Making Spheres in Photoshop: A Quick Tutorial
Creating a sphere in a traditional artistic sense has always been something relatively difficult to do. Trying to create something that is three dimensions without the help of hard edges and tell-tale corners has left many traditional artists baffled. There’s the light source which you have to pay attention to, then there’s the proper amount of shading. Then there’s adding a shadow to give the object a sense of physical orientation. By the time that you’ve finished drawing your sphere on paper, you’ve likely gone through half an eraser, broke a few pencils in frustration, and you’re covered in graphite.
So, naturally you can only expect the same frustration from creating a sphere in Photoshop, right? Wrong! Fortunately, creating this nifty little three-dimensional geometrical object can be done in a matter of seconds and leads to a fantastic effect. This tutorial utilizes Adobe Photoshop CS4, but should work perfectly well with Photoshop 7.0 upward to the current version.
Simple Sphere Creation
If all you’re looking for is the most basic of spheres, you’ll be happy to know that it is primarily a three step process. I’ll show you how you can create a simple sphere with an incredibly realistic three-dimensional feel to it.
Start Photoshop and open a new document. It really doesn’t matter what size you start with, but as always it’s so much easier to start with something too big and scale it down rather than trying to scale up something too tiny. So here I’ve got a simple 800x800 pixel document with a 50% gray background. Do you need your background to be 50% gray? Not at all, but it does help to make the highlight on the sphere brighter.
Create a new layer and name it “Sphere.” Pretty simple so far, no? What if I told you we’re already 50% of the way done? Well, we are!
Grab your elliptical marquee tool and hold shift and drag yourself out a large circle in the center of your canvas. It should look something like this:
Now comes the fun part! Select your gradient tool, and in the gradient window find the gradient that goes from black to white. It should be right here:
Now we simply turn this empty space into a sphere by placing a radial gradient in the space. Click your radial gradient option, as well as your “Reverse” option:
Now starting at point A on your sphere, drag your gradient line to point B:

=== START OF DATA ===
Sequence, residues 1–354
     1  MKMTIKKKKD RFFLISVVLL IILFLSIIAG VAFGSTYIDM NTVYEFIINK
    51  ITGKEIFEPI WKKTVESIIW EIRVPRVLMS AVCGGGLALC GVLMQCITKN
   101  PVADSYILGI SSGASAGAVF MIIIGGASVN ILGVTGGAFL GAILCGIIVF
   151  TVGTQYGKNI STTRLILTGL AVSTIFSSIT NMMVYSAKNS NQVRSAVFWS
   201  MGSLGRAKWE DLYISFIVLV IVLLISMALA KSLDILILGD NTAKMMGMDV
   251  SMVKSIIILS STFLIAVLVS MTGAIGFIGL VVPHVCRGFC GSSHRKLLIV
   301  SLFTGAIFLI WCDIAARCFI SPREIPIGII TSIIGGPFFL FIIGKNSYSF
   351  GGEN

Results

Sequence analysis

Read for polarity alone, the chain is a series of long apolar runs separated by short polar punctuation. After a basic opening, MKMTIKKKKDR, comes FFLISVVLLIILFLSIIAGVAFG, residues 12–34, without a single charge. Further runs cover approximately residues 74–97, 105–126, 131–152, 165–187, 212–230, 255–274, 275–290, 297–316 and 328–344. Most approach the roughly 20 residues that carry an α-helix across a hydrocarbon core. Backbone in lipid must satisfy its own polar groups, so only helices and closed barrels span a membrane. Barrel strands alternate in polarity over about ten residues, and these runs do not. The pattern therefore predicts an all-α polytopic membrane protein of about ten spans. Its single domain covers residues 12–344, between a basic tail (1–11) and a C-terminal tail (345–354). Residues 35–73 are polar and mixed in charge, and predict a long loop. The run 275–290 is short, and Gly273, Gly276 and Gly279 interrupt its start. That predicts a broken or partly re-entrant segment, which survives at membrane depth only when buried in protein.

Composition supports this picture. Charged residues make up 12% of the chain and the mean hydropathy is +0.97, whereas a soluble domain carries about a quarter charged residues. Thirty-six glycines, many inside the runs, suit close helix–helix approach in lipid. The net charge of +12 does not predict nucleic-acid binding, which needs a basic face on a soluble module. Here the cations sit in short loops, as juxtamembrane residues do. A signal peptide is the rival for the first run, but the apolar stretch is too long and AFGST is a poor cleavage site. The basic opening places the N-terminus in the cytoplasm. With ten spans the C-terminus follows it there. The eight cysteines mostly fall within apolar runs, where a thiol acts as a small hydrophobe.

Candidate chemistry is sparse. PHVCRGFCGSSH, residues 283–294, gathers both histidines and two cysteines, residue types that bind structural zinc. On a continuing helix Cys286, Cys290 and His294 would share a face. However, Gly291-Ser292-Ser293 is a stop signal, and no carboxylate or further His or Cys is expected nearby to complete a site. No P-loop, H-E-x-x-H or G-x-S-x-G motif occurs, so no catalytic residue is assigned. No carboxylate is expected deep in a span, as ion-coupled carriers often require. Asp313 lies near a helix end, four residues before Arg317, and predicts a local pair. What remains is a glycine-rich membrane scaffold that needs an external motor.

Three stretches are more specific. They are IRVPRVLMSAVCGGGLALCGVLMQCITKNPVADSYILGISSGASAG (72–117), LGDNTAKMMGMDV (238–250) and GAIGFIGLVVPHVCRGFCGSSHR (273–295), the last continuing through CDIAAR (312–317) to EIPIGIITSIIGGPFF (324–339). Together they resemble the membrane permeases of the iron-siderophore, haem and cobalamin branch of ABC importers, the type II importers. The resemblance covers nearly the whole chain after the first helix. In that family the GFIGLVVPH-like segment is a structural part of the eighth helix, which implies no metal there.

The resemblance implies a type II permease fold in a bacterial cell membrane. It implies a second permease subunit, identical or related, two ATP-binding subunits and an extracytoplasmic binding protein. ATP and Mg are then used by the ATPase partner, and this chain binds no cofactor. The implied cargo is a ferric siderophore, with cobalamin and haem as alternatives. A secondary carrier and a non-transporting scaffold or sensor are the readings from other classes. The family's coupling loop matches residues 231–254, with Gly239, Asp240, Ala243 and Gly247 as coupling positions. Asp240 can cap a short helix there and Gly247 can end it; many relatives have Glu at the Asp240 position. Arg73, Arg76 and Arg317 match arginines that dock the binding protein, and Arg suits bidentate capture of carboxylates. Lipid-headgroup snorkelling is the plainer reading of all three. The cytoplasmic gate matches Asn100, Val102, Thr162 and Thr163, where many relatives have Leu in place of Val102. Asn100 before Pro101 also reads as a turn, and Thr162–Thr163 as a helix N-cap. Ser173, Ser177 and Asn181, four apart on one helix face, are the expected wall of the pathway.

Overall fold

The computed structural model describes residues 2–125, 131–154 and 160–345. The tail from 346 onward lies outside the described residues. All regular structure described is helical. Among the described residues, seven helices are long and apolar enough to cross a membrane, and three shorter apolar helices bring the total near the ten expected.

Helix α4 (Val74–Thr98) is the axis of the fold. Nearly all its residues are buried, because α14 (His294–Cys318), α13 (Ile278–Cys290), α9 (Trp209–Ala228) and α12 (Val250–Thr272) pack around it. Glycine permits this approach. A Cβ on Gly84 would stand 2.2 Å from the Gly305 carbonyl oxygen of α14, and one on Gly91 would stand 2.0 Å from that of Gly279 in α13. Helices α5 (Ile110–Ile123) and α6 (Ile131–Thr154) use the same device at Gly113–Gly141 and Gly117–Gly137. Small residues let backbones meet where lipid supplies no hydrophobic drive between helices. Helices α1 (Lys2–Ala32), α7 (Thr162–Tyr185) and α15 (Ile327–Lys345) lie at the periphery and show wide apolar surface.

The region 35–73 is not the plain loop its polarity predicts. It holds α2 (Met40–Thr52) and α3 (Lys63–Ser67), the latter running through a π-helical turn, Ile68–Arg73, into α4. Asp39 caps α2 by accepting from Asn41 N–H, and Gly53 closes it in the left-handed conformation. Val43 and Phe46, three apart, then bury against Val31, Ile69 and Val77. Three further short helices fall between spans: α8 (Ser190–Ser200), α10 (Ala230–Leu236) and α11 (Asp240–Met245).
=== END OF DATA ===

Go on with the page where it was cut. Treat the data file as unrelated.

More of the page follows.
The end result will be a fantastic and very realistic basic sphere. And look, you did it without breaking a single pencil in frustration.
Of course, this sphere could be quite a deal more impressive, you know.
Because you don’t want your sphere floating around in some grey netherworld, we can give this sphere a sense of placement by adding a simple shadow. Create a new layer in Photoshop and name it “Shadow.” Make sure it is over your background layer, but under your sphere.
Grabbing your elliptical marquee tool, create an oval shape that spans across the center of your sphere, like I’ve done. The reason we start out doing this is because it gives you a fairly accurate size of shadow rather than just eyeballing it. Of course, as anyone can tell you, shadows are entirely dependent on lighting and therefore you could easily eyeball where they should go.
Now, using the paint bucket tool, fill the oval with black. If you don’t want your shadow to be too dark, you could fill it with a dark gray right now, or you can simply adjust the opacity later on. I generally prefer to adjust the opacity later on, as it just seems to be quicker this way. (Image below is shown with the sphere layer hidden, not removed.)
Move your shadow with the move tool so it’s under your sphere like so:
Seems a little harsh for a shadow, doesn’t it? We can fix that. Go to Filter > Blur > Gaussian Blur. Play around with the settings until you soften the edges of your shadow to the point that you like. For example, my setting is 5.5px.
Now, doesn’t that look nice? Just make sure that your shadow falls in the same line as your highlight, but directly behind it. That’s one of the most important things about creating a 3D object, after all. You’ve got to make it believable.
I decided that I thought my shadow seemed slightly too dark, so I lowered the layer opacity of my shadow layer to 80%. Here’s my finished result.
All images and information were provided by Amber Neely.